Nubiart Diary - African History Month

By Kubara Zamani | Mon 25 February 2013

A different perspective on the Afrikan world

“Africans and persons of African descent must assume the primary responsibility and leadership in historical research….if we are to continue to leave practically all important historical research and writing concerning the black race to the white man, then we must be prepared to accept, uncomplainingly, the white man’s point of view.” - Chancellor Williams, African Historian

African history month is a separate entity and should not be confused with Black History Month, an annual observance in the United States, Canada, as well as, communities in Europe and United Kingdom, honoring important celebrations and events within the history of the African Diaspora. It is celebrated annually in the United States, Canada and most other places in February and the United Kingdom in October. Let us pause and give homage to Dr. Carter G. Woodson founder of Negro History Week in 1926, and the African-British history month was introduced in 1987 by Linda Bellos both are appreciated in our contemporary world. And also, we must pay tribute to countless activists, organizations and governmental agencies that commensurate and celebrate annually. African communities everywhere owe them a debt of gratitude.

However, we must not forget our ancestors and its history. If we do, we are negating thousands and thousand of years of our heritage. Africa is complex with over 2000 cultures, with different languages, traditions, and having histories of their own.

During the 17th and 18th centuries, history was written by the Europeans that was mostly, distortions and misconceptions in order to justify and maintained their dominance over the world. Therefore, it’s important for Africans from all walks of life to relearn history from their own perspective. African history month function is to address this issue, and “MONTH” will be ever month. In other words, it will begin January 1st and ending December 31st. Most importantly, existing celebrations, and histories should be unified into one cultural forum. During a year, every day, week and month will have its own importance presenting history from ancient cultures to the present-day. However, there will be two sacred days; January 1st and March 1st. Both having their own significance.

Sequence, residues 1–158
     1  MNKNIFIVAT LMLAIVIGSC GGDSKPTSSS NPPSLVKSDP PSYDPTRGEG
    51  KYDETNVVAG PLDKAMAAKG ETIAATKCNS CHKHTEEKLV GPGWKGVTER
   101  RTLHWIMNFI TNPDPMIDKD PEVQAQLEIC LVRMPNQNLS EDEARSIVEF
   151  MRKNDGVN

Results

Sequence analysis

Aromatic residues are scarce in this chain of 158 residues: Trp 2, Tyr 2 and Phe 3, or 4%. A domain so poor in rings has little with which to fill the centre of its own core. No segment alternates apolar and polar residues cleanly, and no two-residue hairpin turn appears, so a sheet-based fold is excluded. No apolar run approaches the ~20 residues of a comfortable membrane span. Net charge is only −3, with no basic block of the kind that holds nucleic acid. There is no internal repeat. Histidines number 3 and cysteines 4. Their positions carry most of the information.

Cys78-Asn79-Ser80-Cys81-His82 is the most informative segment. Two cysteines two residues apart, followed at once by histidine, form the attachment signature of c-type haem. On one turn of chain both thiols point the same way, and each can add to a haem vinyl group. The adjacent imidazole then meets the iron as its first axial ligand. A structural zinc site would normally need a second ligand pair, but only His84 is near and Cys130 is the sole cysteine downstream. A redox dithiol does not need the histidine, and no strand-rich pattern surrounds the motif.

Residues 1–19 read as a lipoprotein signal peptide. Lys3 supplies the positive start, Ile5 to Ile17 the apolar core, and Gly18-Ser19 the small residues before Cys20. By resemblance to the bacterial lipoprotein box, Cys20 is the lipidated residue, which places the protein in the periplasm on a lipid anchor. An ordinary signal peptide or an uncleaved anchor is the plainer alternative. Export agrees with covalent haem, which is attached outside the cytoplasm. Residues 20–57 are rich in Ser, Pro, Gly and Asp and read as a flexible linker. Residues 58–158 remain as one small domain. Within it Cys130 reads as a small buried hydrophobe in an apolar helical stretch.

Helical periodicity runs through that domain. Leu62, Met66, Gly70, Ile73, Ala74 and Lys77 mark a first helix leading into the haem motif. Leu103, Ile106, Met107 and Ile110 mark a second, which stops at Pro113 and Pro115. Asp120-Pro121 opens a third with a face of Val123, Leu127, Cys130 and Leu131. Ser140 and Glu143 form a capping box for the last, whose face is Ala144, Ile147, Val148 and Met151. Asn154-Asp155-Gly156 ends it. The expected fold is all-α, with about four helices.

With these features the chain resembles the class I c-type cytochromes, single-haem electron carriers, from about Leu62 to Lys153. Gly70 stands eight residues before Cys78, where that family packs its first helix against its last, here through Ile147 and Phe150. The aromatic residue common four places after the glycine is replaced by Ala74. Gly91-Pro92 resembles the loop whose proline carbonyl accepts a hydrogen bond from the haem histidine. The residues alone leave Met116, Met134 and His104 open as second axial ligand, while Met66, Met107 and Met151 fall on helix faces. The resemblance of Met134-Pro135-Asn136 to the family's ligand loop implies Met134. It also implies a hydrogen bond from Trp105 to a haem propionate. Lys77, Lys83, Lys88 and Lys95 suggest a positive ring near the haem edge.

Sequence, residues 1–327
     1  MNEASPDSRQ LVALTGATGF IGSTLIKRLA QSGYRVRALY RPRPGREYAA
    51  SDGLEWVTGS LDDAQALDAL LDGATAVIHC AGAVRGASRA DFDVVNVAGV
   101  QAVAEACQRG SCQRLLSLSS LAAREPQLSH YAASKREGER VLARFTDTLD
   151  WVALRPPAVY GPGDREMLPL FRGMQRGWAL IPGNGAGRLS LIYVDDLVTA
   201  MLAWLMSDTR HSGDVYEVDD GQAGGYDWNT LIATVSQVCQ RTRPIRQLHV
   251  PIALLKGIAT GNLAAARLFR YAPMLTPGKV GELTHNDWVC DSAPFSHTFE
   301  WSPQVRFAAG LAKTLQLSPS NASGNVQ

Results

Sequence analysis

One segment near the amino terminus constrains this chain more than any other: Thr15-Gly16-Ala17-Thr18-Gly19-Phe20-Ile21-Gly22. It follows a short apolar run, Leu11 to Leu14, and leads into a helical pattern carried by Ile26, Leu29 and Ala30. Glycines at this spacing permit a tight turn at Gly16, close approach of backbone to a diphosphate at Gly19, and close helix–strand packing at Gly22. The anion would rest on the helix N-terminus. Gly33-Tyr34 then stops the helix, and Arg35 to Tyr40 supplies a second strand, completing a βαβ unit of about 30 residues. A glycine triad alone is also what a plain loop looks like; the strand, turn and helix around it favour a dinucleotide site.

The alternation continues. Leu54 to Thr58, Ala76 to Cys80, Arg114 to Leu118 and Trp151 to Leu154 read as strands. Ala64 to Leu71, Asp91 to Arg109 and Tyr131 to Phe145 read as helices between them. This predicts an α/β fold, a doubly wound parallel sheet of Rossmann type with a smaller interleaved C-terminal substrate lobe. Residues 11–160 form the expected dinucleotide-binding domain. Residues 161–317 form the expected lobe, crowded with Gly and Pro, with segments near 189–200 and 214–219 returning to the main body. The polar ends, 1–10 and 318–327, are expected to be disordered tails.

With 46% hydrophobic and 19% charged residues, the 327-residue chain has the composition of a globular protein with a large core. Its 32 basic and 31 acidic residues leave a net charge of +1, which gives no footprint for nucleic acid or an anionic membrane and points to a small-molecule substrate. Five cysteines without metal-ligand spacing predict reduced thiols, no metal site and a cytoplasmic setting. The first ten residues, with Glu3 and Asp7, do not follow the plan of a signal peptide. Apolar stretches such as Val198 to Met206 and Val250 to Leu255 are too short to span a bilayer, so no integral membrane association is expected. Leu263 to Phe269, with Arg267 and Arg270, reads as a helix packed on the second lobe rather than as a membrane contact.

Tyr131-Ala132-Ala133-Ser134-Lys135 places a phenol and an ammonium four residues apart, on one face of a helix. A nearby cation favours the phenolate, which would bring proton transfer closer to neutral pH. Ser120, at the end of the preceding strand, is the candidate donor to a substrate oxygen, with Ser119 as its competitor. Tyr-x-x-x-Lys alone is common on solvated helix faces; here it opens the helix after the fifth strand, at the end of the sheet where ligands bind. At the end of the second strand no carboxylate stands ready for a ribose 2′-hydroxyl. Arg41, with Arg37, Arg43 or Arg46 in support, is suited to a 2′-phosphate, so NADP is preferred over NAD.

January 1st, 1804 is to celebrate the Saint Dominique slaves whom won their independence from France, declaring the Republic of Haiti, in honor of the original inhabitants. Marking, the only time in history Africans fought and won their independence from an European power.

And also, on March 1st, 1896, Emperor Menelik II and his Empress Taytu decisively, defeated the Italians on the battle field in Adowa, Ethiopia, the only African country that entered into the 20th century that escaped Colonialism.

Additionally, Ethiopia not only won independence but maintained their culture, including their written language and calendar. Indeed, these two events are special and should be recognized by Africans worldwide. Besides these sacred days, The last seven days in December will be honoring Kwanza. The other remaining days will be optional from established worldwide traditions, serving several purposes.

One is given homage to already existing holidays around the world to appreciate and recognize. The other, Africans worldwide will enlighten each other cultures.

Another, is exposing heroes that have been carefully hidden. Here are some examples; Marcus Garvey’s, mass-movement (Jamaica), Kwame Nkrumah, father of African nationalism (Ghana), and Haili Salasse, created Organization of African Unity (OAU), later became African Union (AU), (Ethiopia).

Finally, when new artifacts and contemporary events of importance will be presented under the banner of an African history month. Most importantly; this cultural forum will present the histories of the Diaspora’ and Africa under one umbrella. Before proceeding, in order to learn African history, Arab and European conquest must be understood.

However, one historical element that is hardly mentioned, was the Arab invasion of north Africa, followed by the Trans-Sahara slave trade that began earlier, and lasted longer than the European Slave Trade. Consequently, geographies of the world have been changed due to these events. In the Americas, the world recognizes current occupants are not the native inhabitants. On the contrary, the world has the impression that Arabs are indigenous to North Africa.

In the contemporary world, North Africa is the home of six Arab countries, South America, and North America was created by the Diaspora’s. And also, Africa has been partitioned into over fifty countries by the Berlin conference in 1884.

To some degree, Africans are still living these legacies because its history has been the most suppressed in the world. The deliberate distortion was design to fit in with a western perception of Africa that continues to cultivate disunity by perpetuating a view of Africa and African people as unorganized, uncivil, unoriginal, and sub-human.

Words like “Negro” and “boy” were used to dehumanize and a disconnection from Africa. This attack lasted for generations causing a devastating effect everywhere.